The next big thing?  I’ve heard it’s going to be ceramic phones*, you know shiny, glossy, tough enamelled ceramics.  It’ll be the thing to have.   “Aluminium?  The same stuff they make Coke cans out of?  So cheap feeling, so cold, look at my new phone, it’s ceramic.”

(* – I may have imagined this.)

Smart Uses for Dumbphones

Nokia 8250

Nokia 8250 (Photo credit: xcode)

Smartphones are everywhere now it seems, especially as they become increasingly intuitive to use, more powerful and as such multi-functional.  However what are now referred to as dumbphones still have uses.  People who just want something for making and receiving phone calls or texts appreciate them, one iPhone user turned his into a dumbphone by removing all the apps except the SMS and dialer and found the experience refreshing – I wonder if he’d have found it as easy to sell the shiny, touchy-feely one and buy a £20 Nokia.

In much of the world though dumbphones are the most used phones, often for reasons of cost – both the hardware and the costs of data which make smartphones unviable.  As an article in Wired said amongst our world population of seven billion there are six billion mobile-phone subscriptions, in Columbia, Egypt and Indonesia the mobile penetration is over 90 percent and it’s more than 100 percent in Brazil, Vietnam and Russia.  The same article is about how marketers are using the ubiquity of basic mobiles to reach new markets.  The cost of mobile minutes in emerging markets are high and as such are a precious commodity, or currency.  The article author, Nathan Eagle’s company Jana provides services whereby mobile users can be rewarded with airtime for trying new products, filling in surveys and looking at adverts.  74 percent of users in Brazil would be happy to receive adverts in return for airtime.  Multinationals are catching on, P&G have launched a campaign and Jana helped Danone doubled sales of yogurt via a similar campaign.  This kind of targeted marketing that we’re used to with our smartphones is now reaching more emerging markets and according to Nathan Eagle using advertising budgets to give emerging markets consumers these airtime bonuses would give them more disposable income.

Also, in Wired’s April 13 edition is a piece about an Indian startup called Innoz and its service SMSGyan which is a search engine without the internet – again perfect for basic mobiles.  Founded by Deepak Ravindran, Mohammed Hisamuddin, Ashwin Nath and Abhinav Sree who dropped out of the Lal Bahadur Shastri College of Engineering in Kerala to persue the project to give more people access to information, and answers.  “Gyan” means “knowledge” in Hindi and the service has partnered with Wikipedia, Bing, Wolfram Alpha and others to enable the system to answer questions sent to their servers by text message.  Costing the equivalent of 1p per query it returns an answer as a text message.  The networks gain revenue, the service’s 120 million active users gain information.  The next step is expansion of the service beyond India, as the ability to gain access to info when you have no data service can be vital just about anywhere.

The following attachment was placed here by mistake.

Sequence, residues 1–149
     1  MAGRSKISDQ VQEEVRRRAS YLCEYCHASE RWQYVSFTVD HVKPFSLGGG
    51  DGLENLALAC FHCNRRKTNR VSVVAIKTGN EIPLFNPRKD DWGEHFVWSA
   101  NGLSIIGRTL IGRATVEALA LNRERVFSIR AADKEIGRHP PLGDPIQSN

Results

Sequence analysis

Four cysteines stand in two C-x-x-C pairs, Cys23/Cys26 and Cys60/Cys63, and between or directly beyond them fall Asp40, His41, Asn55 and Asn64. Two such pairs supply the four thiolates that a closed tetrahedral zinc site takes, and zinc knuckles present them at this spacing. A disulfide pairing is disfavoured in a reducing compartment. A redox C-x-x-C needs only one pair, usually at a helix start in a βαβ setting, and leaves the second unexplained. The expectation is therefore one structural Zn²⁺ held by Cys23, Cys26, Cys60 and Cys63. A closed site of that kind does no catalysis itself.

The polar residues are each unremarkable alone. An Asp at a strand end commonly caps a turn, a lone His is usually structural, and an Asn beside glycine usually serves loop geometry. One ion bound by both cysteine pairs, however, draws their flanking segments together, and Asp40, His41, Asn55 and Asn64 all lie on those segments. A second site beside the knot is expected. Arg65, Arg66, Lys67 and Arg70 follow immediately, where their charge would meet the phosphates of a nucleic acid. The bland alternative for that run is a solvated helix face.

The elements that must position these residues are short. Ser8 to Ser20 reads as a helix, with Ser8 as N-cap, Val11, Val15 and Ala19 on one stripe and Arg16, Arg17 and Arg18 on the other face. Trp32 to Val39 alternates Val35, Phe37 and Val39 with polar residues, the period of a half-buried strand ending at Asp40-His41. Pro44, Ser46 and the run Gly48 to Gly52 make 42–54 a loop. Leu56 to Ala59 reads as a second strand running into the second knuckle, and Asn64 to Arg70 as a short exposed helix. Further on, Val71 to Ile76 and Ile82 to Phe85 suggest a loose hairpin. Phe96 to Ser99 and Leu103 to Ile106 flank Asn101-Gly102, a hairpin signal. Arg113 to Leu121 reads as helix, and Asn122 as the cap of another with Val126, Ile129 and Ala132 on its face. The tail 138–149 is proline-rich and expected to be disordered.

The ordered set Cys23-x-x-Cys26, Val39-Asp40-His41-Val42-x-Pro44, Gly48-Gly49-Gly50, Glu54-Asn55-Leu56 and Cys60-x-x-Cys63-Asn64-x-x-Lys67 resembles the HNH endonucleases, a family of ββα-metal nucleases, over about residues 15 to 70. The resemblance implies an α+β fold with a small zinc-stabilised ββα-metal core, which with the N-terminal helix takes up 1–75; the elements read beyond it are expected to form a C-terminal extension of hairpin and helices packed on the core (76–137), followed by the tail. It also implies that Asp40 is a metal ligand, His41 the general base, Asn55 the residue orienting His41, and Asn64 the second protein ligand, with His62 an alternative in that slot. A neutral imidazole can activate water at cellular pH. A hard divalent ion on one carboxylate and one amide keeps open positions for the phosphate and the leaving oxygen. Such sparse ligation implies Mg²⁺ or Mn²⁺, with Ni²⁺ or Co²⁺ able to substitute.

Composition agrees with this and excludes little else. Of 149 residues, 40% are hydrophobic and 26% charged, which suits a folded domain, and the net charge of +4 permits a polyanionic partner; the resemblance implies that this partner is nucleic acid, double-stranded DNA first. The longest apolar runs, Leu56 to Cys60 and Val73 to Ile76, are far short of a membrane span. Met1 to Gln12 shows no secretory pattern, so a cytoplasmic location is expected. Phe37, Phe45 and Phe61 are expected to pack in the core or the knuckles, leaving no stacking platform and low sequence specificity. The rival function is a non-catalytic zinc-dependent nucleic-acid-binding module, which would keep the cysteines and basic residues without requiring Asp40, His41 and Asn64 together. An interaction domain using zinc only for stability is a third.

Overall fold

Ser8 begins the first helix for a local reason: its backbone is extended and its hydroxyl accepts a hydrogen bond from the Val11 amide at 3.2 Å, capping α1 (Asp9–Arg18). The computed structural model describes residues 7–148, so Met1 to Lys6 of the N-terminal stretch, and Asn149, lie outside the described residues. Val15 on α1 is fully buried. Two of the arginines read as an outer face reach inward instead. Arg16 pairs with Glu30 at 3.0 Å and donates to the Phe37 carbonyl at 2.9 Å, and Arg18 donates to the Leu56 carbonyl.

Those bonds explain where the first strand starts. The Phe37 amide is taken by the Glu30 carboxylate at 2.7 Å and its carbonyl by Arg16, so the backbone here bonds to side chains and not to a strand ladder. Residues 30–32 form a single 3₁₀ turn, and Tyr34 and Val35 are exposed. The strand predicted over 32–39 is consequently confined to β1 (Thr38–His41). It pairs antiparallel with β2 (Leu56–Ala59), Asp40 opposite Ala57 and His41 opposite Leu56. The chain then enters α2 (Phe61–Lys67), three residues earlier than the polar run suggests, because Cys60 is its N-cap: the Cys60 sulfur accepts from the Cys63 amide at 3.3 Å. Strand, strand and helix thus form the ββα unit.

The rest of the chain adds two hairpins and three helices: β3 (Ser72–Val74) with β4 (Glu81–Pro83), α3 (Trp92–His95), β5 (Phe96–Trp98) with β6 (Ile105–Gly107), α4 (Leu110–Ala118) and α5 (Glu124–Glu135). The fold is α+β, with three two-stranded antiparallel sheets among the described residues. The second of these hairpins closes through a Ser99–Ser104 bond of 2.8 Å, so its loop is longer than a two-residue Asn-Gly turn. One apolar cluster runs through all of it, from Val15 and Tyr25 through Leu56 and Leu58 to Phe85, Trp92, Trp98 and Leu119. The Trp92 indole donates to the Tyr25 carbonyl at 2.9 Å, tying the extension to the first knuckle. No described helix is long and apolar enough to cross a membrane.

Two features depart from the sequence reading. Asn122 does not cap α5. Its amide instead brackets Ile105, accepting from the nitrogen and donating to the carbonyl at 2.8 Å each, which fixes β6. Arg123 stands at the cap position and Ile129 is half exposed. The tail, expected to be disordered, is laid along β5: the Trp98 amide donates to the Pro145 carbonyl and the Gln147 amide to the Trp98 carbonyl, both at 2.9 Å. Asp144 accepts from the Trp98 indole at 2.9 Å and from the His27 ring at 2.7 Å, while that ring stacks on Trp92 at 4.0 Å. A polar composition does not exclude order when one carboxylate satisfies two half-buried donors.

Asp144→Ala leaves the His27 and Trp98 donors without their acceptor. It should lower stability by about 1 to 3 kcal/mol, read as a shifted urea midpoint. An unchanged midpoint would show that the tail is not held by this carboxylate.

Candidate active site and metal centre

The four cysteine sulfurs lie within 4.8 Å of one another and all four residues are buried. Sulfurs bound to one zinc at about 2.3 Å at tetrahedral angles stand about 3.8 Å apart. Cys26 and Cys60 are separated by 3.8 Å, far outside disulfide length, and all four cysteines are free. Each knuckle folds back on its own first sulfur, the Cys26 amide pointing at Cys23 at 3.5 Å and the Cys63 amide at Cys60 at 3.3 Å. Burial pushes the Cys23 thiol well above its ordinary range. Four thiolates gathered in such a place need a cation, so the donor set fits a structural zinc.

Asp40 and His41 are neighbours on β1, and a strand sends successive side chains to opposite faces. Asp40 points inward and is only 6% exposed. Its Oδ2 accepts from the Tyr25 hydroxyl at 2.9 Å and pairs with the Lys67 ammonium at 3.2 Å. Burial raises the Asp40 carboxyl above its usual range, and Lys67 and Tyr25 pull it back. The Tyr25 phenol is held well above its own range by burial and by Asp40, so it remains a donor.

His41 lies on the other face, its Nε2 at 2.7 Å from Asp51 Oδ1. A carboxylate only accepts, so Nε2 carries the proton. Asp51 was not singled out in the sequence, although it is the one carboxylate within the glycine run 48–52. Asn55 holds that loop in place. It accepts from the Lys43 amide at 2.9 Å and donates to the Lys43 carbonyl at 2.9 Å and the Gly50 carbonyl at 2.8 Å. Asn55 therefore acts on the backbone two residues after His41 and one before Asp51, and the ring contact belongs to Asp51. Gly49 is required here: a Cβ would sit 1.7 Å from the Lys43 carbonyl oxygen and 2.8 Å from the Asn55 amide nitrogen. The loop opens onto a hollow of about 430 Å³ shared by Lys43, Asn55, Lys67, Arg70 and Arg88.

As Wired’s Jana article pointed out this is the second time basic mobiles have created a communications revolution in emerging markets.  The dumbphone’s not that dumb after all.

I’m Just Not a Twitterer

Chick (image courtesy of Serif)

Chick (image courtesy of Serif)

It seems like everything’s “social” these days, no marketing campaign is complete without “find us on Facebook”, follow us on Twitter for exclusive news, competitions and stuff, and to make sure all your friends know what products you like.  I remember competitions including the line “put your answer on a postcard” but more and more the only method of entering is by tweeting your answer to @most-social-media-aware-company-evar.   Email isn’t an option, Facebook’s sooo last year.

I have Google+ because it was there, with my Gmail, I did enter a competition via that and Facebook today because it only involved clicking two buttons.  The third one was to enter via Twitter.  I didn’t because I can’t.  I don’t use Twitter, don’t even have an account, I have enough information coming at me as it is and I don’t want to have to remember another password.

It is, however, becoming unavoidable.  Presenters on radio shows say “is it snowing where you are?  Let us know.”  You think, yes it is, I’ll be part of this.  Then he says “tweet me to let me know.”  And a feeling of being left out makes you start to type twitter into your browser.  It’s not just unfair to those of us who don’t want to tweet but to those who don’t have the technology or the knowledge to sign up to these services.  Competitions and surveys should be open to anyone.

I haven’t given in yet, but it feels like it’s only a matter of time before I have to.

[Edit – March 2016]

Ok, I have given in, I was bored last week and decided to see what the fuss is about, also I thought I’d grab the same twitter name as my Flickr account.  @AndyByTheTrent.  I’ve followed a couple of people but not really done much with it.  #stillcantseethepointyet.

The Internet Isn’t Free (of Charge)

Credit Card

Credit Card (Photo credit: 401(K) 2012)

We take it for granted today, we sit down, fire up a browser on our computer, tablet or phone, load up our favourite news site, tech blog, webcomic or whatever and for most of these we don’t have to have ever entered any credit card details – unlike buying a magazine or newspaper.

And then many people complain about adverts and install ad blockers without considering one important thing; without the ads the website wouldn’t be there, or you’d have to pay for it yourself.  The other problem with this expectation of no-cost browsing is that sites like Wikipedia which don’t have ads still have to pay for servers, offices and the staff who look after the site despite having an army of volunteers but don’t receive enough donations to keep going.

This blog is provided ostensibly free of charge via WordPress but has adverts (visible to non WordPress.com users) which I have never seen myself but have been reliably informed are there, I couldn’t justify paying for the ad-free version at the moment.  I personally only block adverts on other sites I visit that cause problems with my browser as I appreciate that ads are a necessary part of our free and open internet, just as regular users of donation-based sites aught to donate.

Someone once said there’s no such thing as a free lunch, and for the moment this one’s no exception.

[How Much Would You Pay For a Wikipedia Subscription]